WASHINGTON — JPMorgan Chase has agreed to pay more than $200 million to settle claims by federal and state authorities that the megabank wrongfully collected credit card payments on hundreds of thousands of consumers.
The Consumer Financial Protection Bureau, Office of the Comptroller of the Currency, and attorneys general in 47 states plus Washington D.C. announced the massive settlement Wednesday. The deal, which specifically targets the company's Chase Bank and Chase Bankcard Services units, requires them to stop collecting debt on more than 528,000 consumers and from reselling debt.
JPMorgan has agreed to pay at least $50 million to refund customers, $136 million in penalties and other payments, and a $30 million in a related action brought by the Office of the Comptroller of the Currency.
"There has to be one set of rules for everyone, no matter how rich or how powerful, and that includes the biggest multi-national financial institutions," New York Attorney General Eric Schneiderman said in a press release. "Chase's consumer credit card debt collection practices were harmful to families when it pursued collections cases based on false and outdated information. In some cases the listed debt was the wrong amount, was associated with the wrong person, had previously been discharged, or was a time barred or very old 'zombie' debt."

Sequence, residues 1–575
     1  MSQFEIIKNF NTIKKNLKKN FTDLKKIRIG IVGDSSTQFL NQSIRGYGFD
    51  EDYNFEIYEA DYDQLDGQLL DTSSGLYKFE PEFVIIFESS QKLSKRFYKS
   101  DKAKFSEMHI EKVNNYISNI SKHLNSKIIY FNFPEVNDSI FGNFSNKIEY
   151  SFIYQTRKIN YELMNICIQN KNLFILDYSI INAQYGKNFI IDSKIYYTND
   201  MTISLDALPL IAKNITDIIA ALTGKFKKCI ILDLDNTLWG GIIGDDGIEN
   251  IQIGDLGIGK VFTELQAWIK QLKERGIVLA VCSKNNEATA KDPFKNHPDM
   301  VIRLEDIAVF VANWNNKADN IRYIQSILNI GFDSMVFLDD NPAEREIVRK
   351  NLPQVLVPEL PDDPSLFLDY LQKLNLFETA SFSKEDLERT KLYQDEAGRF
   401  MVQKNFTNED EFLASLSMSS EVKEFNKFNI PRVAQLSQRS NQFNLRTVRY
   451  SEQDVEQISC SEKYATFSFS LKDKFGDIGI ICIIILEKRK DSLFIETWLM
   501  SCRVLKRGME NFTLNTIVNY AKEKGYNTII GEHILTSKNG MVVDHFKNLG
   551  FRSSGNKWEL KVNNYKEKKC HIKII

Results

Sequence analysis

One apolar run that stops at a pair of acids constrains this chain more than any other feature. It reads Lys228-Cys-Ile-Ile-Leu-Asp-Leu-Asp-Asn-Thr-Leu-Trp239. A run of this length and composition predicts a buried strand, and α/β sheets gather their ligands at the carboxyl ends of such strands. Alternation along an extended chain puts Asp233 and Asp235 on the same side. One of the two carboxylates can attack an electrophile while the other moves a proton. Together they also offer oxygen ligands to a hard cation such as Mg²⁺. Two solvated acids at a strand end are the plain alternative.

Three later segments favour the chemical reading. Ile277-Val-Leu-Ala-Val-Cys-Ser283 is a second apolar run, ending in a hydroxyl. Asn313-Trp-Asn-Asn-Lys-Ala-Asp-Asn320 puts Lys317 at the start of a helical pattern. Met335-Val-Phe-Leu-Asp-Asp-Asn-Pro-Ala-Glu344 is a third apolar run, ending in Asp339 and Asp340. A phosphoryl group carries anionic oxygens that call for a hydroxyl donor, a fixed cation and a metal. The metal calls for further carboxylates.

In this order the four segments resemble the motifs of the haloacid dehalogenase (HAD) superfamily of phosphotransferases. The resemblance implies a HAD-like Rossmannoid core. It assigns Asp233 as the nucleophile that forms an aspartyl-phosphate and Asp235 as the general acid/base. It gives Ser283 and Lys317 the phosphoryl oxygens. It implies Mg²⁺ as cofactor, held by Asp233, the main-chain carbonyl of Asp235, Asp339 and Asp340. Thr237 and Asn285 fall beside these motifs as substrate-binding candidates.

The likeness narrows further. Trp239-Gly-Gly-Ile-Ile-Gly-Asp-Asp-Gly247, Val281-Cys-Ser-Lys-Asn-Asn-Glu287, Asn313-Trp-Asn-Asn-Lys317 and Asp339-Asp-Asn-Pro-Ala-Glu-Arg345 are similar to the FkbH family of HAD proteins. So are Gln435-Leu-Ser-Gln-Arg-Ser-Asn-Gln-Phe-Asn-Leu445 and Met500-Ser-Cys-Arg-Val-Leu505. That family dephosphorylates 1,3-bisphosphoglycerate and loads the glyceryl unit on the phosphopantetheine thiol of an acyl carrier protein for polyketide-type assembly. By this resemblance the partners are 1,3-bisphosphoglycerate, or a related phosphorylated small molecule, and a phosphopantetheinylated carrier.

In a press release issued by the CFPB, agency Director Richard Cordray said the company "sold bad credit card debt and robo-signed documents in violation of law."
"Today we are ordering Chase to permanently halt collections on more than 528,000 accounts and overhaul its debt-sales practices," Cordray said. "We will continue to be vigilant in taking action against deceptive debt sales and collections practices that exploit consumers."
JPMorgan had already reached an agreement with the OCC in 2013 that included paying $50 million in restitution to consumers. The newest multiagency order says that if the company does not pay all of the $50 million by July 2016, it must pay the remainder to the CFPB and state AGs.
In a company-issued statement, Chase said it has addressed most of the issues raised in the order.
"Chase has taken extensive steps over the past four years and is pleased to resolve these legacy issues. It is working to complete remediation of affected Card customers," the company said. "The 2015 consent order covers issues from several years ago for a small percentage of credit card credit card customers who defaulted on their credit card debt. The issues were discovered by Chase in internal reviews that began in 2010."